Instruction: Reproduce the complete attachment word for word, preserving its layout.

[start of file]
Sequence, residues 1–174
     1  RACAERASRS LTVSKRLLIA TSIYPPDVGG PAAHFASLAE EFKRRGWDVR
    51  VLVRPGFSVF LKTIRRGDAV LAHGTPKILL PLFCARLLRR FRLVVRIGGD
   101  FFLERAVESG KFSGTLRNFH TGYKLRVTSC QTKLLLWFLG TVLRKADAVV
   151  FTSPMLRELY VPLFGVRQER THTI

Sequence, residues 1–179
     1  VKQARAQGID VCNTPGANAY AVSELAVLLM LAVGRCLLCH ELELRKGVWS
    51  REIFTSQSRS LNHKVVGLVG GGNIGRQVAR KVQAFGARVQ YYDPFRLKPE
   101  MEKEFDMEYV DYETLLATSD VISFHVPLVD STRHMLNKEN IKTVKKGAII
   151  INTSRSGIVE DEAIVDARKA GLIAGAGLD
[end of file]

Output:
Sequence, residues 1–174
     1  RACAERASRS LTVSKRLLIA TSIYPPDVGG PAAHFASLAE EFKRRGWDVR
    51  VLVRPGFSVF LKTIRRGDAV LAHGTPKILL PLFCARLLRR FRLVVRIGGD
   101  FFLERAVESG KFSGTLRNFH TGYKLRVTSC QTKLLLWFLG TVLRKADAVV
   151  FTSPMLRELY VPLFGVRQER THTI

Sequence, residues 1–179
     1  VKQARAQGID VCNTPGANAY AVSELAVLLM LAVGRCLLCH ELELRKGVWS
    51  REIFTSQSRS LNHKVVGLVG GGNIGRQVAR KVQAFGARVQ YYDPFRLKPE
   101  MEKEFDMEYV DYETLLATSD VISFHVPLVD STRHMLNKEN IKTVKKGAII
   151  INTSRSGIVE DEAIVDARKA GLIAGAGLD